Reasoning: In essence, the Ninth Circuit dismissed the appeal because the District Courts order did not meet the necessary requirements to be an immediately, appealable interlocutory order under 28 U.S.C. section 1291.
Initially, the Ninth Circuit traced the jurisdictioal standard governing appeals. Courts of Appeal have jurisdiction over final decisions of the district courts of the United States. 28 U.S.C. section 1291. In addition, Courts of Appeals have jurisdiction over a small class of interlocutory orders that are nevertheless appealable final decisions. Slip op. at 2556 (citing Cohen v. Beneficial Industrial Loan Corporation, 337 U.S. 541, 546 (1949)). The Ninth Circuit found that the District Courts sanctions order was not a final decision under Section 1291. The Court of Appeals rejected the Debtors argument that the appeal should be governed by the broader 28 U.S.C. section 158(d)(1), which allows for a more flexible standard for interlocutory appeals of decisions from the BAP and district courts hearing appeals from bankruptcy courts. Relying on Cannon v. Haw. Corp. (In re Haw. Corp.), 796 F.2d 1139, 1141 (9th Cir. 1986), the Court of Appeal found that the instant appeal was not subject to review under the broader Section 158(d)(1) because the order on appeal was entered by a district court sitting as a bankruptcy court. As such, the more narrow Section 1291 applied as outlined in Cohen v. Beneficial Industrial Loan Corporation, 337 U.S. 541, 546 (1949).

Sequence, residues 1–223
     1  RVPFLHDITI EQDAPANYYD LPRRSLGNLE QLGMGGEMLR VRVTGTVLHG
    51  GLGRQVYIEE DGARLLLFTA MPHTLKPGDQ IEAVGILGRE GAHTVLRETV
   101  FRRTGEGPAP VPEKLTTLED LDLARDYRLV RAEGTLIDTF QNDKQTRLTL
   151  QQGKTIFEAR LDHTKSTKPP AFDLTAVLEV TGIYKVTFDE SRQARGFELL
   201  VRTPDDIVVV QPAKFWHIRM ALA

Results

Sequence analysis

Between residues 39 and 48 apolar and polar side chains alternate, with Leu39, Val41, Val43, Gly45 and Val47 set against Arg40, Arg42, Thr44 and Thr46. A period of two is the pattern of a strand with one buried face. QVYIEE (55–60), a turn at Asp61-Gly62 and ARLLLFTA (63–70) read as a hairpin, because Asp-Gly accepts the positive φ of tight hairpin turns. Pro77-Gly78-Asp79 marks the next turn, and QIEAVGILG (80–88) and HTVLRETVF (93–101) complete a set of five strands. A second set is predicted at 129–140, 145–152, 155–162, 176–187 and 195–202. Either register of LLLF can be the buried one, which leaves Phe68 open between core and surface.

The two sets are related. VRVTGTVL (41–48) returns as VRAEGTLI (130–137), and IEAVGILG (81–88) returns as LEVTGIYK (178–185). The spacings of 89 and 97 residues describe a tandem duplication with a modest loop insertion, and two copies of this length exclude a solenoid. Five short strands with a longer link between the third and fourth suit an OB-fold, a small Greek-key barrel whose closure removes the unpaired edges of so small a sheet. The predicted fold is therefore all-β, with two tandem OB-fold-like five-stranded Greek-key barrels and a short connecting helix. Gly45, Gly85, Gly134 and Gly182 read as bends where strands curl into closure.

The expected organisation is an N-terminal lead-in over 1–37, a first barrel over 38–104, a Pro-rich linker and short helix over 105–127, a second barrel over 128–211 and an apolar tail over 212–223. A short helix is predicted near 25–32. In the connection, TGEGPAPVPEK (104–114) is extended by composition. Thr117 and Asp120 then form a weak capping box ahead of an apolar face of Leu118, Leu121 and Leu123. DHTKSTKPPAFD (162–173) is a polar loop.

The Ninth Circuit found that the sanctions orders did not satisfy the Cohen requirement that an order remain completely separate from the merits of the underlying action. Slip op. at 2562. The Court of Appeals relied on Cunningham v. Hamilton County Ohio, 527 U.S. 198 (1999) (discovery sanctions order) and Ninth Circuit precedent interpreting Cunningham. The Court of Appeals found that it could not properly determine if the underlying bankruptcy case was frivolous without also examining the Debtors financial and legal position leading up to the bankruptcy filing. Slip op. at 2566. Therefore, the sanctions order was not completely separate from the merits and did not qualify as a final decision or an immediately appealable interlocutory order.